Wright v. MacConnell

Filing 51

REPORT AND RECOMMENDATIONS - It is respectfully recommended that default judgment enter in favor of the Plaintiff and against the Defendant in the amount of $3,691.00. Objections to R&R due by 2/10/2017. Signed by Magistrate Judge Michael R. Merz on 1/27/2017. (kpf)(This document has been sent by regular mail to the party(ies) listed in the NEF that did not receive electronic notification.)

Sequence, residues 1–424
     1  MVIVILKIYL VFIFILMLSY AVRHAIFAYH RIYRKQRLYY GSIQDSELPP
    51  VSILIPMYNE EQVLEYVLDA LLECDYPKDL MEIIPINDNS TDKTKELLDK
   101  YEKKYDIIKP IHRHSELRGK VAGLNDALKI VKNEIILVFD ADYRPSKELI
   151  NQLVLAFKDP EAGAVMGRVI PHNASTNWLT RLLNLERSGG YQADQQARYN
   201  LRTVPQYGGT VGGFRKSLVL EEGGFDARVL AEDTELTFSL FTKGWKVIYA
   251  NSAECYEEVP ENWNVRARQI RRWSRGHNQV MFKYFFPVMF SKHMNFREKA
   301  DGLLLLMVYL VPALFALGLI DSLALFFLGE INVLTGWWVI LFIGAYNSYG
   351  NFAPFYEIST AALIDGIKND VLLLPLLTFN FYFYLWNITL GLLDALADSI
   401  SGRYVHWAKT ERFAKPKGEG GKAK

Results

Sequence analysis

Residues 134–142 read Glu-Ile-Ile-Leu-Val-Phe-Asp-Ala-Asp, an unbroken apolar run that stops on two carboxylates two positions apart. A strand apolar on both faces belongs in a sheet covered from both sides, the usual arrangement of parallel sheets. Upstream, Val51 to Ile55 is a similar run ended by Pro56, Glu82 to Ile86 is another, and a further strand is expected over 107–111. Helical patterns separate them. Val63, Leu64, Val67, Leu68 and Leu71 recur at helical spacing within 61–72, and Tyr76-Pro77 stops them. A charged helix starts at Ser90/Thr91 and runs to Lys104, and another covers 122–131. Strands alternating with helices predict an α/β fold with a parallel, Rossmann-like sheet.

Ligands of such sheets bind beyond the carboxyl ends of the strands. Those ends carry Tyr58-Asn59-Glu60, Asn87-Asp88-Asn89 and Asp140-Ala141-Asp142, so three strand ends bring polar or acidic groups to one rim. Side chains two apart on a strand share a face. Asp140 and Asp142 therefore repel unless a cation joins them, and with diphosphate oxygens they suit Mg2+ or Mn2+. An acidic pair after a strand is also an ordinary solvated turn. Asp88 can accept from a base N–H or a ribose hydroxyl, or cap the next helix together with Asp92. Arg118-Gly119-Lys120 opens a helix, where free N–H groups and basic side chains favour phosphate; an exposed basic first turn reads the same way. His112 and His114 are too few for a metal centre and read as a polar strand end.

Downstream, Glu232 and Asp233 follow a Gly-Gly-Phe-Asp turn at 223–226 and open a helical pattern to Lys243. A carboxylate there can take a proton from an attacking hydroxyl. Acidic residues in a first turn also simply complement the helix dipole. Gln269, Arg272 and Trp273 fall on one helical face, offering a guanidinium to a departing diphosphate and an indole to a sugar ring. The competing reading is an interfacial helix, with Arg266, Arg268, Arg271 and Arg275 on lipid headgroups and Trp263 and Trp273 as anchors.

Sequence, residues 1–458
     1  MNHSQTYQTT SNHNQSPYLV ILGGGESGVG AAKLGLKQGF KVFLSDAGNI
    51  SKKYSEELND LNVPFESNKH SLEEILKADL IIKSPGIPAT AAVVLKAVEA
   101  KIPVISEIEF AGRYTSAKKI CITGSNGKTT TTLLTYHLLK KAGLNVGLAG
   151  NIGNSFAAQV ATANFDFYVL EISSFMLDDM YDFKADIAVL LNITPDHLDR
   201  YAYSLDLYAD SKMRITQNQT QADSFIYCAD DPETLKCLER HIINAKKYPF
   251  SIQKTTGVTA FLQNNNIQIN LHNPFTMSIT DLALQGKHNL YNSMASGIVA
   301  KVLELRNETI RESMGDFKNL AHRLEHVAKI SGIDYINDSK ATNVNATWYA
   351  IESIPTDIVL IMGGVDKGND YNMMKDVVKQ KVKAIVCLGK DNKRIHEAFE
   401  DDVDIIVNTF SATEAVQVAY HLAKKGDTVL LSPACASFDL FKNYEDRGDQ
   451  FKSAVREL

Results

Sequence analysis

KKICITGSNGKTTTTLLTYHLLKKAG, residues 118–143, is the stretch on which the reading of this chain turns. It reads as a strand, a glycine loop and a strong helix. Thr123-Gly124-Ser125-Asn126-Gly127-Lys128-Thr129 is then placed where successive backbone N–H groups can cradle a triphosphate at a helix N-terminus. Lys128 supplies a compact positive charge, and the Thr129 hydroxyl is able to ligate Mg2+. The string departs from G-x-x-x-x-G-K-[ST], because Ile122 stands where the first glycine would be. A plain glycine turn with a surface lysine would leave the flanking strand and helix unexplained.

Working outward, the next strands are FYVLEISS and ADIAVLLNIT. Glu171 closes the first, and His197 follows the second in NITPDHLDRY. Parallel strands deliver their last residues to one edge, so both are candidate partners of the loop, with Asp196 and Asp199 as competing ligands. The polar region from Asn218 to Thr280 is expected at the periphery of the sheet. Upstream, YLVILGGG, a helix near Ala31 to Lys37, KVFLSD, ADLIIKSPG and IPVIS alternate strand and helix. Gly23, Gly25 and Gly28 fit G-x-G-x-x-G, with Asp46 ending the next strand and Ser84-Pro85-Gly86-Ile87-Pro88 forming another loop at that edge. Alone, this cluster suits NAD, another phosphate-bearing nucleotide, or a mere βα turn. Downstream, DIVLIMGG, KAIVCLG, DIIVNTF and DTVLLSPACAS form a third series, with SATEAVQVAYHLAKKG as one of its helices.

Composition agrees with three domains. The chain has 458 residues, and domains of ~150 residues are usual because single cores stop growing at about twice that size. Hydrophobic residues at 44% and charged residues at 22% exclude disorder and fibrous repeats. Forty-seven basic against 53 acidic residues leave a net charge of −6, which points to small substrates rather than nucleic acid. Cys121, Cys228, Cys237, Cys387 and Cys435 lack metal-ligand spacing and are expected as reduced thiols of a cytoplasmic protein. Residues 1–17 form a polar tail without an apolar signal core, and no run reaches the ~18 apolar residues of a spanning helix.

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IN THE UNITED STATES DISTRICT COURT FOR THE SOUTHERN DISTRICT OF OHIO WESTERN DIVISION AT DAYTON DWAINE WRIGHT, Plaintiff, - vs : Case No. 3:15-cv-211 District Judge Thomas M. Rose Magistrate Judge Michael R. Merz - RION MacCONNELL, Defendant. : REPORT AND RECOMMENDATIONS This case is before the Court on Plaintiff’s Motion for for Reconsideration for Default Judgment (ECF No. 48). On the Court’s Order, the Clerk served that Motion on Defendant Rion MacConnell on November 23, 2016 (ECF No. 49). Defendant has now been served and more than seven days have expired since service, but MacConnell has not responded in any way. Plaintiff, a federal prisoner, filed this action pro se to recover money paid to Defendant for services the Defendant never rendered and to obtained recovery of certain personal property Plaintiff sent to Defendant to be sold on eBay or Etsy, but which Defendant neither sold nor returned. On May 20, 2016, the Magistrate Judge noted that Defendant had been served with process and had failed to answer (ECF No. 28). The Clerk was ordered to enter Defendant’s default and did so (ECF No. 29). Three days later, having been remarkably silent until that 1 point, Defendant moved to set aside the default, claiming he found out about it on Google, that there was not enough money in controversy to satisfy the diversity requirements under 28 U.S.C. § 1332, and asking for leave to file an answer after the default was set aside (ECF No. 31). The Clerk was ordered to send MacConnell a copy of the Complaint and did so (ECF No. 32). MacConnell’s next move was to file for bankruptcy (ECF No. 35). The Court entered a bankruptcy stay (ECF No. 37) which it vacated when the bankruptcy case was dismissed (ECF No. 42). In the meantime the Court had denied Plaintiff’s first motion for default judgment (ECF No. 41). Attempting to correct the difficulties with his first motion for default judgment, Plaintiff filed the instant motion for reconsideration November 18, 2016 (ECF No. 48). Defendant has never responded. Plaintiff has provided adequate proof of damages in the following amounts: 1. Fee sent to Defendant twice to set up account 2. $42.00 Crocheted items sent to Defendant for sale and neither sold nor returned $800.00 3. Shipping costs $96.00 4. Cost of email units to communicate with Defendant $183.00 5. Costs to reimburse family member for attempted recovery of goods $70.00 Total $1,191.00 Plaintiff is not entitled to recover from Defendant the amounts his family has been sending him for support in prison since his relationship with Defendant broke down. Plaintiff also requests an award of $75,000 in punitive damages in light of Defendant’s evident fraud and malice. Defendant has never denied the accusations of fraud in the Complaint and his behavior in attempting to avoid process corroborates Plaintiff’s accusations. However, 2 the amount of $75,000.00 is so grossly in excess of the actual damages in this case that to award that amount would violate the excessive fines provision of the Eighth Amendment. The Court finds that $2,500 is a fair amount of punitive damages to impose for Defendant’s misconduct. It is accordingly respectfully recommended that default judgment enter in favor of the Plaintiff and against the Defendant in the amount of $3,691.00. January 27, 2017. s/ Michael R. Merz United States Magistrate Judge NOTICE REGARDING OBJECTIONS Pursuant to Fed. R. Civ. P. 72(b), any party may serve and file specific, written objections to the proposed findings and recommendations within fourteen days after being served with this Report and Recommendations. Pursuant to Fed. R. Civ. P. 6(d), this period is extended to seventeen days because this Report is being served by mail. .Such objections shall specify the portions of the Report objected to and shall be accompanied by a memorandum of law in support of the objections. If the Report and Recommendations are based in whole or in part upon matters occurring of record at an oral hearing, the objecting party shall promptly arrange for the transcription of the record, or such portions of it as all parties may agree upon or the Magistrate Judge deems sufficient, unless the assigned District Judge otherwise directs. A party may respond to another party=s objections within fourteen days after being served with a copy thereof. Failure to make objections in accordance with this procedure may forfeit rights on appeal. See United States v. Walters, 638 F.2d 947, 949-50 (6th Cir. 1981); Thomas v. Arn, 474 U.S. 140, 153-55 (1985). 3

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